Once upon a time, back in 2006, I was in the midst of a live music binge that would end up being the precipitating factor in starting this site. I think I went to 5 shows in a week, a bizarre mix of Bob Dylan, a Bridge School Benefit, She Wants Revenge, and Snoop Dogg. Back in those days, I had a boyfriend, and I would drag him to these shows. In return, he would drag me to his occasional show. From this, I learned that I will never ever ever date anyone with such different musical tastes; seeing Jack Johnson so many times in our 5 years was damaging.
Anyway, one of those shows during that binge was Gomez, and opening for them was Rodrigo y Gabriela. I remember being very impressed, and that after their set it was all downhill with Gomez. I had not seen them since, but knew that they’d become very popular, to the point of selling out Stubb’s this past Friday.
My concert buddy Mel happened to be visiting me for this show, and I was excited to take her to one of Austin’s most unique venues. We ate BBQ before, admittedly at Ironworks and not at Stubb’s (too crowded), before making our way into the crowd in search of a good spot to perch.
The previous evening we had been to the Austin Machete premier, so between that and this we were getting our Latin culture lesson. After what seemed like a long time to set up two guitars, the duo emerged on stage to an excitable crowd.
When you first see Rodrigo y Gabriela play, you tend to do two things: 1) look for a drummer hiding in the back and 2) become hypnotized by how fast their hands move. Their precision and speed, as well as the dynamic between the two and the rawness of their sound leave the audience mesmerized. There’s nothing to hide behind here- yet this isn’t a folk guitar jam band performance. Gabriela is often bouncing around like a rabbit, and Rodrigo moves around the stage as if dancing with the guitar. The two seem to almost be wind up toys in their movements.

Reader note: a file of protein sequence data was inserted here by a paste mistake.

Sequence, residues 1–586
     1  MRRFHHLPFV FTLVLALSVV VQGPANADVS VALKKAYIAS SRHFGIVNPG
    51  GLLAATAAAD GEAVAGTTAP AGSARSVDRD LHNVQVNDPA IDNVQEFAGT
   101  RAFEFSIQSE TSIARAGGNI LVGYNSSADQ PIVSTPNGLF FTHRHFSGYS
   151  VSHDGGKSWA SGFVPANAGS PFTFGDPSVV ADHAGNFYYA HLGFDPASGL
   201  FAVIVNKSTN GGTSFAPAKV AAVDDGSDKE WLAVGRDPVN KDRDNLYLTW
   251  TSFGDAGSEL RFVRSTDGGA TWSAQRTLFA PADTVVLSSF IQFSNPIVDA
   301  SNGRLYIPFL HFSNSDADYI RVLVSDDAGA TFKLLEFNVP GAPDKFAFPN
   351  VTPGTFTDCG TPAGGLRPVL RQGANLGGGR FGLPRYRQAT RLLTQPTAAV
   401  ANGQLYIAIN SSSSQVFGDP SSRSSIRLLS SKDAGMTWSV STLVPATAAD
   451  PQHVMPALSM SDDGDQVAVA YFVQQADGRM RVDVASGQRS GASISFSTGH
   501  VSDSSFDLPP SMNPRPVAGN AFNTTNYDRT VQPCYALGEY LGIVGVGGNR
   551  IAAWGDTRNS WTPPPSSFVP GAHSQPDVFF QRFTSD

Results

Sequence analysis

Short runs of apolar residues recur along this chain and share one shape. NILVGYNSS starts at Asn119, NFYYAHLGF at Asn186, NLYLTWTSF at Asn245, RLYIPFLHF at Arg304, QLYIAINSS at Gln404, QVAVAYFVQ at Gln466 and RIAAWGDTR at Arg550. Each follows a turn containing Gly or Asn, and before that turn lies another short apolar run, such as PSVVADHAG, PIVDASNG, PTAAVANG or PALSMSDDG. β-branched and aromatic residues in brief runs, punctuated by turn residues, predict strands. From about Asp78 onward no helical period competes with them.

Personally, I have trouble with instrumental sets- after the initial ‘wow these two are talented’ thing wears off, my mind starts to wander. But I come back into focus with their cover of ‘Orion’, which was introduced by Gabriela stating their admiration for Metallica.
My ears perked up again when Rodrigo played ‘Master of Puppets’ into ‘South of Heaven’ followed by Zeppelin’s ‘Stairway to Heaven’, which made me think of my last show here: Robert Plant.
Two drunken guys in front of us had been balancing their drinks on a rafter above us, and then would inexplicable hang their hands up on the rafter causing drinks to fall off onto unsuspecting bystanders’ heads more than once. I don’t think I’ll ever stand in this area again. We also had someone pass out flat on the ground next to us- it’s always interesting to watch what the crowd will do when this happens. There were way more drunk people at this show than at my typical metal show….or perhaps metalheads just handle their alcohol better.
Towards the end of the set, I overheard someone say, “this makes me want to pick up the guitar- but I know I’d never be this good’. This brought the entire set into perspective for me. There aren’t two people on stage playing classical pieces that were written ages ago. They are relevant and fresh, using an old method of delivery to present pieces inspired by new classics: Metallica, Zeppelin, Pink Floyd, Hendrix, Pantera. They are also presenting their metal tinged guitar work to an audience that would probably not normally listen to those kinds of bands. Therefore, Rodrigo y Gabriela have carved out a unique space in the music world; something that’s so difficult to do these days. And even if I got bored at times, I appreciate their artistry.
As they closed with ‘Buster Voodoo’, I thought about Jimi Hendrix in relation to this duo, and how many different types of Guitar Gods there are.